There really is no such thing as a foolproof system; fools are too ingenious. The pilot(s) of an aircaft are ultimately responsible for the safe operation of that aircraft, because it's ultimately their lives depending on a safe flight. That's why it's part of their job to do the preflight checks. If a pilot doesn't value his own life enough to do something as basic as this, he shouldn't be anywhere near an aircraft, because when his lack of regard leads to the loss of his life, it's very unlikely his life will be the only one lost.

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    $\begingroup$ fools are too ingenious. +1 for this alone! $\endgroup$
    – FreeMan
    Sep 9, 2015 at 20:28
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    $\begingroup$ Yeah, technically fools are not too ingenious, they are simply so numerous that you can't catch them all, but well said. Especially since that actually is the root issue here. $\endgroup$ Sep 9, 2015 at 21:51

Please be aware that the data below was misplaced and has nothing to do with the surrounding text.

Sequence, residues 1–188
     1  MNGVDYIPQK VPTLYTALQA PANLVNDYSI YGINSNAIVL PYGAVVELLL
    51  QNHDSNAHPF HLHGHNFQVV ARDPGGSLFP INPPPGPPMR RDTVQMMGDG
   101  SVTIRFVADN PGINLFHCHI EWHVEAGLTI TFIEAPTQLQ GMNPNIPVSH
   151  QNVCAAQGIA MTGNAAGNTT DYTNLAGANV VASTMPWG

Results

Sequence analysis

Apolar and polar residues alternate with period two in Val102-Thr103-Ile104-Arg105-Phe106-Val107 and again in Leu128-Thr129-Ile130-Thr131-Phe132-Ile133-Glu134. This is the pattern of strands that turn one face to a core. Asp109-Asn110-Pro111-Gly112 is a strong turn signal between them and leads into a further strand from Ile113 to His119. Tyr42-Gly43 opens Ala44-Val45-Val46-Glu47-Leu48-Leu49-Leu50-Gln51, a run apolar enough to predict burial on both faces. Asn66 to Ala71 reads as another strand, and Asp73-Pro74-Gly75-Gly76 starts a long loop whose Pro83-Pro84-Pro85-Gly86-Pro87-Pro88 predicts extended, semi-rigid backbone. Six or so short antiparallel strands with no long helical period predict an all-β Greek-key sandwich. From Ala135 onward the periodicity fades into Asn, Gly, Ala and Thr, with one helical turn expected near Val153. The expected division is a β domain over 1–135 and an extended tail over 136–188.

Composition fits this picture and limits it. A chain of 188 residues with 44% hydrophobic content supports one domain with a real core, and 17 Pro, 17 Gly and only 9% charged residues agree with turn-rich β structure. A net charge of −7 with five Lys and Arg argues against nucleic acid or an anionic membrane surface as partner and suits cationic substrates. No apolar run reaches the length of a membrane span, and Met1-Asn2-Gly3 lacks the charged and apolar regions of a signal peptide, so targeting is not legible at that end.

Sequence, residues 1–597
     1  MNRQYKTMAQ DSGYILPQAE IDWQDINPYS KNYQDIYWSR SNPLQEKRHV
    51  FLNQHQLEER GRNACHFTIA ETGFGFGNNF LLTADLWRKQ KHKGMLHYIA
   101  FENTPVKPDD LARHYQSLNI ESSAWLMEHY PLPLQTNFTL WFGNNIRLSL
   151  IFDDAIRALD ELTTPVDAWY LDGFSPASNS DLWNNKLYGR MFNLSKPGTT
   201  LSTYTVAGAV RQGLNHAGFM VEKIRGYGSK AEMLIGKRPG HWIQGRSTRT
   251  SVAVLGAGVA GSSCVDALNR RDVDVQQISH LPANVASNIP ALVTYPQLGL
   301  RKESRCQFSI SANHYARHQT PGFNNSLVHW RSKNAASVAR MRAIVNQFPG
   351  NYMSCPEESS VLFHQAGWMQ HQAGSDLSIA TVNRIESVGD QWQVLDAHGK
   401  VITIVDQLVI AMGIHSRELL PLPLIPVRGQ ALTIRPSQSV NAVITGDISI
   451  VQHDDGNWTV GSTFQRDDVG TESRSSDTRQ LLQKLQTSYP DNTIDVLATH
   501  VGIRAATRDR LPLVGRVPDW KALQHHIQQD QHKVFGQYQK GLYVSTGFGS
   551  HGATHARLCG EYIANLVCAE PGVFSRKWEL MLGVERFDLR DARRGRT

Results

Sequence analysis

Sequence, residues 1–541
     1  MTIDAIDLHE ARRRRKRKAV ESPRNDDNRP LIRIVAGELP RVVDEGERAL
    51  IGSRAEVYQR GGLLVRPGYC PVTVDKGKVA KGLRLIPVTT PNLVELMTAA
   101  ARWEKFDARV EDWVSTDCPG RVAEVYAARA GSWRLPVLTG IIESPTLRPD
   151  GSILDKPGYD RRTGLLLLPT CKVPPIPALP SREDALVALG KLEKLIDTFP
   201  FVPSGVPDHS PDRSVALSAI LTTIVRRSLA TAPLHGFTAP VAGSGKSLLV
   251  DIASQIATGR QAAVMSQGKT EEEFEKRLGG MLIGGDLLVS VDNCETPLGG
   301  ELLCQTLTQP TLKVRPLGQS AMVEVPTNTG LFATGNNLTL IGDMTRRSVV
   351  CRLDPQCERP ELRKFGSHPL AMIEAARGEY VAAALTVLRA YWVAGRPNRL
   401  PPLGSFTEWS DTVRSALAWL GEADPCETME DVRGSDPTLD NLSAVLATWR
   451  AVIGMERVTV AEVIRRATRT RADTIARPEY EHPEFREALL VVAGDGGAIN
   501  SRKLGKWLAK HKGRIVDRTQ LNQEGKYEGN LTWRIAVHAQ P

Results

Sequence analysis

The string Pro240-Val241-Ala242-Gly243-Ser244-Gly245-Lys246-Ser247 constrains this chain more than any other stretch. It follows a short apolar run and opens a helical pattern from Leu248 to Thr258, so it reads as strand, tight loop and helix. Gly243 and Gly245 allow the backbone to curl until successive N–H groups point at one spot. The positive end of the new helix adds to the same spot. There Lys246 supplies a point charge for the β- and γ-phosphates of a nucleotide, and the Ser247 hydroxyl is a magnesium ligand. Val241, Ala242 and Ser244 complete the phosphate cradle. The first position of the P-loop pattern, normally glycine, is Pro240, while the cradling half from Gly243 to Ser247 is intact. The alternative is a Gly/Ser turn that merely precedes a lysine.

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    $\begingroup$ @VilleNiemi - You apparently haven't seen the lengths to which people will go to willfully ignore or circumvent safety systems. Douglas Adams said it best, in the Hitchhiker installment Mostly Harmless: "a common mistake that people make when trying to design something completely foolproof is to underestimate the ingenuity of complete fools". $\endgroup$
    – KeithS
    Sep 10, 2015 at 14:22
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    $\begingroup$ @KeithS Good point. It is astonishing to remember that Chernobyl required, despite its obsolete and exotic design, deliberate effort on part of its controllers before it would blow up... The safeties did not fail, they were deliberately turned off. I wonder,since fools are both ingenious and numerous, why don't they rule the world? Oh, wait... $\endgroup$ Sep 11, 2015 at 9:39
  • $\begingroup$ "EMAS and other arresting systems up to and including nets" I think you mean "down to and including", :-) $\endgroup$ Dec 13, 2016 at 15:25